The humor revolves around culture shock. E.T. finds it necessary to adapt to Elliott's strange environment. He's an adroit mimic and quick study, mentally far superior to the Earthlings. Nevertheless, he sometimes misinterprets the unfamiliar behavior surrounding him. For example, after Elliott decides to take his teen-age brother Mike (Robert MacNaughton) and their kid sister Gertie (Drew Barrymore, a 6-year-old granddaughter of the late great John, who reveals a delightfully impish presence and a stunning sense of timing) into his confidence, the immediate consequence is pandemonium. Gertie shrieks at the sight of E.T., who misconstrues her reaction as a conventional form of greeting and shrieks right back. Perhaps the wittiest single sight gag in the movie is the image of Gertie fleeing in panic with E.T. waddling along in her wake, still imitating her hysterical reaction out of sheer friendliness.

E.T.'s assimilation also suggests a subtler humorous purpose. E.T. seems to embody the process of childhood development and socialization at an accelerated rate. He's constantly outdistancing the siblings as they attempt to familiarize him with the local folkways. He keeps adding new dimensions, evolving from stray pet to playmate, copycat, alter ego, miracle worker, foster parent, mentor and ultimately divinity.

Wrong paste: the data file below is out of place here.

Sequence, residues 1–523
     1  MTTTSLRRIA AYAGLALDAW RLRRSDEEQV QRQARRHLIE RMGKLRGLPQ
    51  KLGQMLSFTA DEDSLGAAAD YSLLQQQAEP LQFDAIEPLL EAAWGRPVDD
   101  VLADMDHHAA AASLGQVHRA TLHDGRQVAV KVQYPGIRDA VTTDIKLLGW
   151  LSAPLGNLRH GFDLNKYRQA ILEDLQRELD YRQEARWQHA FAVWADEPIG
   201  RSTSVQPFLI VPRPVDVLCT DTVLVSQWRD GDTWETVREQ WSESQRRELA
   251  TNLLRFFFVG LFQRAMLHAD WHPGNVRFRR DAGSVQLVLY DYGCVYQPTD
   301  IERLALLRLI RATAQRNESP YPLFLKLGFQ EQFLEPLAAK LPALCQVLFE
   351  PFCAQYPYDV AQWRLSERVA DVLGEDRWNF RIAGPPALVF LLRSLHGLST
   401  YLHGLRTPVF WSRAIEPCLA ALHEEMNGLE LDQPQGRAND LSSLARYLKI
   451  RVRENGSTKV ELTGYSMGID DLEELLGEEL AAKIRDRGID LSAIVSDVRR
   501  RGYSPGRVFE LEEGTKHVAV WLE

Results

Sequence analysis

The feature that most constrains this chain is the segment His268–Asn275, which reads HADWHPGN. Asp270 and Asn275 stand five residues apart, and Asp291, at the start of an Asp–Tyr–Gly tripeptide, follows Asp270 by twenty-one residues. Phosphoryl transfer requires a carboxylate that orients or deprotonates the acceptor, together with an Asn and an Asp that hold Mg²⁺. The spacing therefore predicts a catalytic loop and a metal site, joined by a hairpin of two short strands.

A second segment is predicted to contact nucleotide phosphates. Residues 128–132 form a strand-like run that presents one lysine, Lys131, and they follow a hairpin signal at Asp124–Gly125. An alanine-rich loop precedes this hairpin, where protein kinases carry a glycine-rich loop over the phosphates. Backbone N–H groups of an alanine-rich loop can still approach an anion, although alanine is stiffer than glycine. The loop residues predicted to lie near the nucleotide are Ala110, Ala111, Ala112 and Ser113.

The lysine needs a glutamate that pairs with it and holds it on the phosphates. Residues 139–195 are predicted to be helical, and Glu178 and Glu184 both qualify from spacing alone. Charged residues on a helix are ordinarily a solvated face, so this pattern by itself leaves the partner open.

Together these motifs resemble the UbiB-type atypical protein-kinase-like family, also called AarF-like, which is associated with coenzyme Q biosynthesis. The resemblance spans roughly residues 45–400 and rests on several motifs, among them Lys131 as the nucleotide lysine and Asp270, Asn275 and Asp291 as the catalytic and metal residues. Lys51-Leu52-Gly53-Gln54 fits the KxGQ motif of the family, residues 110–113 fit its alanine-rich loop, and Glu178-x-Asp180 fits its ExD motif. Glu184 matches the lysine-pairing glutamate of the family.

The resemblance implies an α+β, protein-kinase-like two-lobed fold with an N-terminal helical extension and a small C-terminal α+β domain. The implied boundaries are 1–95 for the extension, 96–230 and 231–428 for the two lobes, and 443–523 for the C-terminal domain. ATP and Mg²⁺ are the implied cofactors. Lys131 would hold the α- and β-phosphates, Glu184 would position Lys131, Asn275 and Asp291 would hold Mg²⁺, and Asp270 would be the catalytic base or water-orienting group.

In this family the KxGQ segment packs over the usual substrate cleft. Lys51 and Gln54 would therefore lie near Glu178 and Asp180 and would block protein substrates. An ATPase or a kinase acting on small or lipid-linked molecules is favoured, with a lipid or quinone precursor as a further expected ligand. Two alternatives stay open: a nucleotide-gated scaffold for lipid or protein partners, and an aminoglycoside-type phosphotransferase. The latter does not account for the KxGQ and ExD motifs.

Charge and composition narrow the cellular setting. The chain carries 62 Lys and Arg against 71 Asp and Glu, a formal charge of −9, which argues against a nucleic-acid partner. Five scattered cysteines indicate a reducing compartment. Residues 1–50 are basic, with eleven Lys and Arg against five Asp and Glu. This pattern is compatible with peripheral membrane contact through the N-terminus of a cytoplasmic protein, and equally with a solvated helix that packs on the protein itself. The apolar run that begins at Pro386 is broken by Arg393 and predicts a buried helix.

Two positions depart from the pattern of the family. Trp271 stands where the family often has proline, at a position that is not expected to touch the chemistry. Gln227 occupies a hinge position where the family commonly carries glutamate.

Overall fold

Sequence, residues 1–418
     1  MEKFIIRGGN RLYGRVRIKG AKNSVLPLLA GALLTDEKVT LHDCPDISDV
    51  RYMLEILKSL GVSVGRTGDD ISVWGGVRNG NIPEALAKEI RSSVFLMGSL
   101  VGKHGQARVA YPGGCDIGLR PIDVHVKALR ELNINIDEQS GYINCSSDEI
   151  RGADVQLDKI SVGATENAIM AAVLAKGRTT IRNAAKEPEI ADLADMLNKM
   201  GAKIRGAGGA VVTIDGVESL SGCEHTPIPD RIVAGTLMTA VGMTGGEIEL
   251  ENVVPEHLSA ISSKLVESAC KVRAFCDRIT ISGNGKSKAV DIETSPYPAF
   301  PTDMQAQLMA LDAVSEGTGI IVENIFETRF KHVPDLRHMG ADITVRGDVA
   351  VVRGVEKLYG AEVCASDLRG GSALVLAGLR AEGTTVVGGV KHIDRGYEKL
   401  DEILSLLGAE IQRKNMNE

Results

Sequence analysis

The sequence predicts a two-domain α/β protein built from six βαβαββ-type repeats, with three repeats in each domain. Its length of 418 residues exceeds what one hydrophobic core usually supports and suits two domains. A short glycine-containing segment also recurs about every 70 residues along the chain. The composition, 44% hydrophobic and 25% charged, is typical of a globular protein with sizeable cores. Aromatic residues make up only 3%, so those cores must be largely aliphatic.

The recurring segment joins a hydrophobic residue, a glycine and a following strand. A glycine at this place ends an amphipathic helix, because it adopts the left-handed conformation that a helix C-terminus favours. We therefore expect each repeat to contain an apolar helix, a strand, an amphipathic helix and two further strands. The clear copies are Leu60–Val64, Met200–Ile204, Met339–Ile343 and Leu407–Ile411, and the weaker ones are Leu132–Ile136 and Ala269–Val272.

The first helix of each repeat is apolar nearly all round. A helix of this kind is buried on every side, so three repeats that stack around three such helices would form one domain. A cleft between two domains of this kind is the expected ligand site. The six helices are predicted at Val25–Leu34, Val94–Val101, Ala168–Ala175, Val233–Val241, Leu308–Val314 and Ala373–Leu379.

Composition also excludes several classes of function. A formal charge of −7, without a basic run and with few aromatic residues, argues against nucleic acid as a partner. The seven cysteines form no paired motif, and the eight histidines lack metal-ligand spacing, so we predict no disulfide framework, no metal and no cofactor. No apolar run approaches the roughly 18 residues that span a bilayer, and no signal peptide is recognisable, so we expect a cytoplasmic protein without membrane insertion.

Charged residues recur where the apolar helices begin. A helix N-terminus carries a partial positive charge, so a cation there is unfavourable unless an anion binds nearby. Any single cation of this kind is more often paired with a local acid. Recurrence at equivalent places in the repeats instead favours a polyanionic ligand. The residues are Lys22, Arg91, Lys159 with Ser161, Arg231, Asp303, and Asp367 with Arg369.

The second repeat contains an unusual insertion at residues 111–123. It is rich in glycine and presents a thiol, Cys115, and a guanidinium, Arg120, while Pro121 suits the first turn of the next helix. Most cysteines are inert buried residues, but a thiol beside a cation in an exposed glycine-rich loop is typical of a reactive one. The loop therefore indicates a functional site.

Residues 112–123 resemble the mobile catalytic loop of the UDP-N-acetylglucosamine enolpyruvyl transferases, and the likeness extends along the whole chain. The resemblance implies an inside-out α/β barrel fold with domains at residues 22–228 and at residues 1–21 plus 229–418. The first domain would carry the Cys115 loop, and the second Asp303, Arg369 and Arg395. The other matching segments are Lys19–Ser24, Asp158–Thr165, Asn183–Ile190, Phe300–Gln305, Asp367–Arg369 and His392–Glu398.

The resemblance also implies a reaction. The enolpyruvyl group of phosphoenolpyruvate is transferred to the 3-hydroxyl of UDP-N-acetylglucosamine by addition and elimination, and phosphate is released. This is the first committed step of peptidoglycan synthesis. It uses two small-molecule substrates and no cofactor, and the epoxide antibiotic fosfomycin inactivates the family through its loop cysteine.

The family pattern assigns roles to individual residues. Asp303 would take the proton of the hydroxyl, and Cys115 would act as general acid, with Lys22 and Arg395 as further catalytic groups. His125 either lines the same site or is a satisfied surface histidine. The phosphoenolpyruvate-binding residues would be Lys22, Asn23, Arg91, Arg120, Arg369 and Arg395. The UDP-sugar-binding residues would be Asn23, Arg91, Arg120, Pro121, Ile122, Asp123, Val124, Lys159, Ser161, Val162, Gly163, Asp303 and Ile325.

The new dimensions are physical as well. Brilliantly constructed by Carlo Rambaldi, the creature reveals a complex, poetically expressive anatomy. For example, the first and last feature that we're made aware of is his heart, an organ that burns with visible, red-hot intensity in moments of emotional urgency, since his chest cavity is covered by an alarmingly thin, transparent membrane. Later there are equally distinctive, stirring aspects connected with the way E.T. uses his digits, speaks, changes coloration, breathes and moves his eyes.

The screenwriter, Melissa Mathison, had contributed to the script of "The Black Stallion," a movie Spielberg greatly admired. The idyllic friendship between boy and alien in "E.T." clearly echoes the animistic union of boy and wild animal in "The Black Stallion." Even certain details are similar: The M&Ms that Elliott leaves for E.T. recall the sugar cubes Alec left for the stallion.